U.S. threatens more sanctions for hindering democracy in Congo

UNITED NATIONS (Reuters) - The United States on Tuesday threatened to impose further targeted unilateral sanctions on anyone who hinders Democratic Republic of Congo’s already delayed preparations for an election to replace President Joseph Kabila.

The country’s election commission president said on Sunday that the vote, originally due in November 2016, was unlikely to take place in 2017, because of delays in registering millions of voters.

Further delays could trigger additional unrest following anti-government street protests last year in which security forces killed dozens of demonstrators. The opposition quickly denounced Sunday’s announcement as a declaration of “war”.

“We are ready to take additional action to sanction those who stand in the way of DRC’s first democratic transition of power,” U.S. Deputy Ambassador to the United Nations Michele Sison told the U.N. Security Council.

The United States imposed sanctions on several Congolese officials last year - blocking any financial assets in the United States and generally barring Americans from engaging in financial transactions with them - for hindering democracy.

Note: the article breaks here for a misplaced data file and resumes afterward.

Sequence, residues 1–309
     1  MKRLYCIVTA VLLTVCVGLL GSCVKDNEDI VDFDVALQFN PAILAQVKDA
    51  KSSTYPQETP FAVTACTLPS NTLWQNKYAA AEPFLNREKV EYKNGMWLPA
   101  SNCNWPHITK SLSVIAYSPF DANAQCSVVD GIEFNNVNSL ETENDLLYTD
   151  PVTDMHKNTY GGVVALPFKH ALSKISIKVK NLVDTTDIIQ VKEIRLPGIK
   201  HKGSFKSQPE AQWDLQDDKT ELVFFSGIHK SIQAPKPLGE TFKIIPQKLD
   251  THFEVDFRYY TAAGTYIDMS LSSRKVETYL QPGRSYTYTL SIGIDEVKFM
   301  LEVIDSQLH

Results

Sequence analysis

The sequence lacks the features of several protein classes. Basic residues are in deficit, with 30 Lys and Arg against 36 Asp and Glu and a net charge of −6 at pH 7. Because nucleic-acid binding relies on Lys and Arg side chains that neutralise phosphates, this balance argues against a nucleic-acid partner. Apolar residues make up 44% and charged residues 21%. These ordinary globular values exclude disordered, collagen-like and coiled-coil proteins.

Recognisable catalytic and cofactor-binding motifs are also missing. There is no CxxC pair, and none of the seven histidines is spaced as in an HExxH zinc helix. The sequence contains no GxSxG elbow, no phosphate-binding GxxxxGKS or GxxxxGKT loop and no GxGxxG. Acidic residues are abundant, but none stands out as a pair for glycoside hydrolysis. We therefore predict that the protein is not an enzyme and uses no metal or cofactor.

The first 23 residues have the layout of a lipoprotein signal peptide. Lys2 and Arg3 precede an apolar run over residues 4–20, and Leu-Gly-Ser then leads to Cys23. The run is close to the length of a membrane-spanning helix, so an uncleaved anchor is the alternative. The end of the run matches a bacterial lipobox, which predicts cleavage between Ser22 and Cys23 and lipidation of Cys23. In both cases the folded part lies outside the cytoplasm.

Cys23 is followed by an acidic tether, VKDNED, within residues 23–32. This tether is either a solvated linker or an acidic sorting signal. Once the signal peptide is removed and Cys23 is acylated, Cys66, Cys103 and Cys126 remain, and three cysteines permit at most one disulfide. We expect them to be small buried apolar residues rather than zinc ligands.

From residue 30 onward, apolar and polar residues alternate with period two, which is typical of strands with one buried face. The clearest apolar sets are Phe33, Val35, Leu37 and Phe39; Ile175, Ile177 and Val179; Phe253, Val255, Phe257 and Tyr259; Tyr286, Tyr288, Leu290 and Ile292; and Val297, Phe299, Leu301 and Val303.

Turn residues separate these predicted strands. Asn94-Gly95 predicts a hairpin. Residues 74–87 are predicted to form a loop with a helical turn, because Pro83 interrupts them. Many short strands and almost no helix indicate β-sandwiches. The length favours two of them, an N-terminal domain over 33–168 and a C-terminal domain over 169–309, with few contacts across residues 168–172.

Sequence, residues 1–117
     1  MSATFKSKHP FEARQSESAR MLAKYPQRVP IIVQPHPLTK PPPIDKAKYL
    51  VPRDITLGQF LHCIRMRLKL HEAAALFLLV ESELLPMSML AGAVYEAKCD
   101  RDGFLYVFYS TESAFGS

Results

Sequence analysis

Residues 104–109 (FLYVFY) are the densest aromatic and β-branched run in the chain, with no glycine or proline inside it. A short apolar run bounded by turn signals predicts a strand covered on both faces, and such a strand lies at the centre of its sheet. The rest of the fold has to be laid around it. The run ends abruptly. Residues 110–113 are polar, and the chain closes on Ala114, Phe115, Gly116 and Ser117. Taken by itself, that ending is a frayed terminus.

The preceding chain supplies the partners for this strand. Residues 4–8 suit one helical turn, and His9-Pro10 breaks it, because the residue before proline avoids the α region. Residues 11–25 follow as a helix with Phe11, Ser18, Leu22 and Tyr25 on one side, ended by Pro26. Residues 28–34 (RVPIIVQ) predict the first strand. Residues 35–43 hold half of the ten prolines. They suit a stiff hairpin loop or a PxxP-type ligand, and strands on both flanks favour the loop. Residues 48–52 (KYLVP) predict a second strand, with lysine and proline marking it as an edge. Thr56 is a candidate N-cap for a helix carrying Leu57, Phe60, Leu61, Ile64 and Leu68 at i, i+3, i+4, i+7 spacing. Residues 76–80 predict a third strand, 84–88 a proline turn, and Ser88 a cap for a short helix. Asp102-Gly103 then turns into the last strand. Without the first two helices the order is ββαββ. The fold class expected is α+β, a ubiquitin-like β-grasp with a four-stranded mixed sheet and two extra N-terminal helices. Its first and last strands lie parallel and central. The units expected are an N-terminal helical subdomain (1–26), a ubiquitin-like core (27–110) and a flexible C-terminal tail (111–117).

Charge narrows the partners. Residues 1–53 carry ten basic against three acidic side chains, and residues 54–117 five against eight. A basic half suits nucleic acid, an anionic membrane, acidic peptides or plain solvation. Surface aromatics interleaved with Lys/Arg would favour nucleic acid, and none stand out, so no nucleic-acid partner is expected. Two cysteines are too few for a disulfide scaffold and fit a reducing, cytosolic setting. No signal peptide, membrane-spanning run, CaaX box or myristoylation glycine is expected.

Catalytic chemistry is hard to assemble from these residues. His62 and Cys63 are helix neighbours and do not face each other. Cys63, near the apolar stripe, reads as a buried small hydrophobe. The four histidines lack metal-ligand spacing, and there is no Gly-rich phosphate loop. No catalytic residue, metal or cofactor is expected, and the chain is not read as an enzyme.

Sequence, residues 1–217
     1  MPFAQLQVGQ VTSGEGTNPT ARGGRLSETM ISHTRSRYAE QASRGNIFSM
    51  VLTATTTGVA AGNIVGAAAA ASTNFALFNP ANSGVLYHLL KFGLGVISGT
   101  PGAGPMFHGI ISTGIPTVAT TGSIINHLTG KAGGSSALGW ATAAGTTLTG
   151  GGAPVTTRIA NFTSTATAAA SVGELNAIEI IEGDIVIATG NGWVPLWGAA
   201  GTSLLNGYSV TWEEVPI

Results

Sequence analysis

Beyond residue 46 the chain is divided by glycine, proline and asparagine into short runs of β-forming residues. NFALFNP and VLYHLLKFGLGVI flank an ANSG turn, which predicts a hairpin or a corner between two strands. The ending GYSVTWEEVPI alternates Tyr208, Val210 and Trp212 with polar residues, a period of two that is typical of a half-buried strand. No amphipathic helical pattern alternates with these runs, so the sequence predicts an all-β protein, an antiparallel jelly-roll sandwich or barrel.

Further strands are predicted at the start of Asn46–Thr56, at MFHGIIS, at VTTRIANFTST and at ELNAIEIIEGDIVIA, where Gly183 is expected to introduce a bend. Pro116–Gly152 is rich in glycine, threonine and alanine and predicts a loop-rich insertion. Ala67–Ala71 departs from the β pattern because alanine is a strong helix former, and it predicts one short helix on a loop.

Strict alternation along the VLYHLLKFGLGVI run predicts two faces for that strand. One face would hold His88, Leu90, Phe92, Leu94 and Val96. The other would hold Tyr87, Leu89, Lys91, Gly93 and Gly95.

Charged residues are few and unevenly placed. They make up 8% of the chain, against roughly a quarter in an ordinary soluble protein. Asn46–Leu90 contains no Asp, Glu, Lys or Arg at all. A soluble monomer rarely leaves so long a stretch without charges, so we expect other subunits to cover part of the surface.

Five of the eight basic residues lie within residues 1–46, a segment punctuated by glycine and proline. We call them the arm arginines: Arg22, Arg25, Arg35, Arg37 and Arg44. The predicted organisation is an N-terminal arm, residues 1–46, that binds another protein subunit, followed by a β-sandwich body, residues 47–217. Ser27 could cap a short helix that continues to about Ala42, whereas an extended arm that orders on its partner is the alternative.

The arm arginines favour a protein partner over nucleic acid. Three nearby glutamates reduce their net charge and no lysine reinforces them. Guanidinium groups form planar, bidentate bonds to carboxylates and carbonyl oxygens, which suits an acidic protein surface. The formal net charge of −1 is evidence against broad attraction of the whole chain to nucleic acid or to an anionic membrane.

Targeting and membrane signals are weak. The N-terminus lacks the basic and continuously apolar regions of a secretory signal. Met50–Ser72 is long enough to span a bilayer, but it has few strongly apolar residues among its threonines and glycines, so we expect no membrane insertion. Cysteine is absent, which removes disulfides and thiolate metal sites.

“The Security Council should also consider targeted sanctions to reduce the violence in the DRC and help pressure all stakeholders to play a more constructive role in moving the country forward,” Sison said.

Kabila has refused to step down at the end of his second elected term in December, sparking protests that killed dozens of people. Militia violence has also intensified across Congo, raising fears the country will slide back into the wars at the turn of the century that killed millions.

The IMF has told Congo that “a credible path toward political stability” will probably be a condition of any assistance package, a letter seen by Reuters showed on Tuesday.

Under an accord struck on Dec. 31 between Kabila’s representatives and opposition leaders, Kabila, in power since 2001, is barred from trying to change the constitution to stand for a third term.

About 80,000 people have fled fighting between the Congolese army and a new rebel coalition, the United Nations said on Tuesday. Conflict has forced more than 1.5 million Congolese to flee their homes this year, while more than 3,000 have died since last October in central Congo’s Kasai region.

Reporting by Michelle Nichols; Editing by Cynthia Osterman